One capitol building closer to completing a bucket list item…
I was in Boston for my friend Daniel’s wedding, but since the only person I knew at the wedding was the groom, I packed my schedule full of sightseeing stuff that I would enjoy. I take two kinds of vacations. I “vacation” and I “travel”… “Vacationing” is staying in the home of friends or family and spending all of my time hanging out with them. “Traveling” is possibly seeing people I know and love, but being on the move constantly taking in the sights. I love both versions and find them equally enjoyable. However, my “travels” make people tired just listening to the litany of things I cram into a short amount of time. What can I say? If you can’t keep up, don’t go on travel with me. (Although, my baby brother says everyone should travel with be because I will “drag your ass to all the things you didn’t know you wanted to see.”)
One of the things I was most looking forward to on this trip was touring the Massachusetts State House. While I got some good photos of the outside back in 2012, I didn’t go inside. Something I’ve regretted for 3.5 years. I had firm plans to rectify that situation, and I did.
The exterior of the dome is gold. Not ostentatious at all. Nooo… The interior wasn’t like anything I expected to see. This is one of the reasons I find capitol buildings so incredibly fascinating. No two are alike and I never know what to expect!
As I approached the interior dome, I could see an abundance of coral-, rose-, and salmon-colored marble. It was beautiful already, and I had no idea what was waiting for me as I passed through the arch.
The arch I passed through is one of many that circle the floor leading into Memorial Hall. The second story has a rail protecting anyone circling the level, but the best view of the paintings on that level is from the floor (primarily because the doors onto the second level are locked). The paintings depict events in Massachusetts’ history… the return of the Civil War flags, the Pilgrims on the Mayflower, the Battle at Concord Bridge (I’ve been there!), and a Puritan minister (John Eliot) teaching the Native Americans. They are gigantic! The overabundance of colored marble is a feast for the eyes. It radiates warmth.
As you move your eyes up… wow! There’s an incredible sight to behold. The interior of the dome is not a rotunda, it’s a stained glass feature. But it’s not a feature, it’s a remarkable piece of glasswork. I don’t even want to guess how many hours went into it.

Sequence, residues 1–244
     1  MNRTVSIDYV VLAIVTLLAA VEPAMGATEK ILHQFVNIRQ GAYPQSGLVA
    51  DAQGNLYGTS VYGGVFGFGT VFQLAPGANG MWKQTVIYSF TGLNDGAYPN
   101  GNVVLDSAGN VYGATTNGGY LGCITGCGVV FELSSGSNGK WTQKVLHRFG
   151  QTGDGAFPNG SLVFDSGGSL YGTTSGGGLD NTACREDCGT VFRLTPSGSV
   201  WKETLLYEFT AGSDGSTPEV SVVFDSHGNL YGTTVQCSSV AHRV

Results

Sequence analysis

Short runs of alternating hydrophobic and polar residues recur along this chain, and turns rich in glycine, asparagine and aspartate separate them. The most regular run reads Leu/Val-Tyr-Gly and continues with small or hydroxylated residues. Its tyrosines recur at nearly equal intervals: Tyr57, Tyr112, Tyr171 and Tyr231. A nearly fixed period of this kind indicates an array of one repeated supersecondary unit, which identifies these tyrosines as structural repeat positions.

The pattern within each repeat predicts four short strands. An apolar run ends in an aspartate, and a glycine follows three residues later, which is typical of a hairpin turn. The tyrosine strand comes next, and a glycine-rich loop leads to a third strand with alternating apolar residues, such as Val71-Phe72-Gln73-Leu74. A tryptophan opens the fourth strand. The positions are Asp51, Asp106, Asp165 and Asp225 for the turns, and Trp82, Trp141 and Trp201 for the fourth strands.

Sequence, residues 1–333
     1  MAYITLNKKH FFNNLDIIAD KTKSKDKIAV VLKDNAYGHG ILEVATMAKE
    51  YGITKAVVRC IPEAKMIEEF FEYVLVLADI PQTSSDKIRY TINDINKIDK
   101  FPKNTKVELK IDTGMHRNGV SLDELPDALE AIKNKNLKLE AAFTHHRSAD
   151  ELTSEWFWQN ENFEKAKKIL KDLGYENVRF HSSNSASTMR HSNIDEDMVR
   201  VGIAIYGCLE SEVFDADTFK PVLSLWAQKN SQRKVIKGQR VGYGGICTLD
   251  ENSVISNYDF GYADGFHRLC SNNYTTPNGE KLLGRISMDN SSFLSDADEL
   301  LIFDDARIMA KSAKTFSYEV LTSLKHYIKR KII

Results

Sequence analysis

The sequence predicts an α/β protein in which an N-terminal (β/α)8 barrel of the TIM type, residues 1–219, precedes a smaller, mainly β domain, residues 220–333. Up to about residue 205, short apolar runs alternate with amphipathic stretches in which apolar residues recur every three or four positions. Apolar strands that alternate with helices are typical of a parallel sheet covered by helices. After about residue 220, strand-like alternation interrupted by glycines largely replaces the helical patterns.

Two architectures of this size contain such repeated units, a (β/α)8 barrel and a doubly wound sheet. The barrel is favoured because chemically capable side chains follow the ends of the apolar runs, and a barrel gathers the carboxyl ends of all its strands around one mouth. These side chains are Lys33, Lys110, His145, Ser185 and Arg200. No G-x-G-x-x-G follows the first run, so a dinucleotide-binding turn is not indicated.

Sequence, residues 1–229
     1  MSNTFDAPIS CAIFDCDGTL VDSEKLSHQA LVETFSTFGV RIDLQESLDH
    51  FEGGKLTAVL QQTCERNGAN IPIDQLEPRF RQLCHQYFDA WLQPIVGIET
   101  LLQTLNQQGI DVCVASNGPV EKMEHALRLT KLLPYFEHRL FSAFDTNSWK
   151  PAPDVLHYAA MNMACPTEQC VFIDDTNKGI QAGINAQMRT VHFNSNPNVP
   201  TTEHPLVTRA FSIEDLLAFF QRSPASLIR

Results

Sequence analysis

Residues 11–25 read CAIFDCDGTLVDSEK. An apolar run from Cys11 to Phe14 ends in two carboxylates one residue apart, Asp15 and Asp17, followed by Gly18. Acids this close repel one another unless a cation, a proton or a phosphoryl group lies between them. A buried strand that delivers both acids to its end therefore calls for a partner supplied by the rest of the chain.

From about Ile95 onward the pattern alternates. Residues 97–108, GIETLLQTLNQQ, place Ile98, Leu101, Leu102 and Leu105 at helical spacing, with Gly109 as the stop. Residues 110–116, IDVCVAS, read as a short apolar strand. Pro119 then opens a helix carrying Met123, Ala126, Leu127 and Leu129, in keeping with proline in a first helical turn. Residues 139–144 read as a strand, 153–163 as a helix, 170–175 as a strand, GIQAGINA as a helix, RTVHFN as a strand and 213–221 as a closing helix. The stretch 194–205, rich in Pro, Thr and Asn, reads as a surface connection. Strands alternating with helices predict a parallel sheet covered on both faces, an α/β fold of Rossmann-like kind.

As you can see from this photograph, the marble work and murals lead toward the obvious centerpiece of stained glass. Finding information on the design of the glass centerpiece is darn near impossible. Normally, I can find a gazillion details about anything I want to research for my travels, but there’s a shocking lack of detail readily available. Fail!
I actually stood in the center of the floor and shot photo after photo of the glasswork as I slowly turned 360° so that I could do some editing magic for a square shot showing as much detail as possible. Yes, I could’ve grabbed my wide angle and backed out the shot and then cropped it to a square. However, I prefer to get the highest resolution I can so I have the option of printing photos as poster-sized prints for display in my house or office. For that reason, I’m more apt to close in on an object and then reassemble it electronically. Yes, it’s a bit of a cheat, but I used to be a graphic designer and I think it’s ridiculous to park those skills at the curb and pretend I can’t use technology to my advantage. That’s just crazy talk!
Yes, the stained glass is actually upside down.
It won’t stop me from matting and framing it if I decide it should be displayed in my gallery. If the photo can stand up to my other photos, I’ll pop it up there.
But I love a shot that has some kind of dynamic involved. From this angle, you can see the domed glass in the center of the stained glass canon. (You can also see where one of the light bulbs on the dome’s rim needs to be changed. Oops. And yes, I could use my technological magic to put a light bulb that’s lit in its place, but surprisingly, the unlit bulb doesn’t bother me.)